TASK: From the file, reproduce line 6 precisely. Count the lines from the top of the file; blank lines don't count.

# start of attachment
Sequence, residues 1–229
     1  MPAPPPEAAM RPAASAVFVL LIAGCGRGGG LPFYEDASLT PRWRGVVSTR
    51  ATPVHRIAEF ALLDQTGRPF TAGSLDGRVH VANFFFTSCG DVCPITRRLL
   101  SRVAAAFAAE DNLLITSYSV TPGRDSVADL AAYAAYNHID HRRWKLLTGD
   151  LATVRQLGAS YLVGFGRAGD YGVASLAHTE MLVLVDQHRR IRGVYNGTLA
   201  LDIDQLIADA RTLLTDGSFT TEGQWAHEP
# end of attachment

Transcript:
   201  LDIDQLIADA RTLLTDGSFT TEGQWAHEP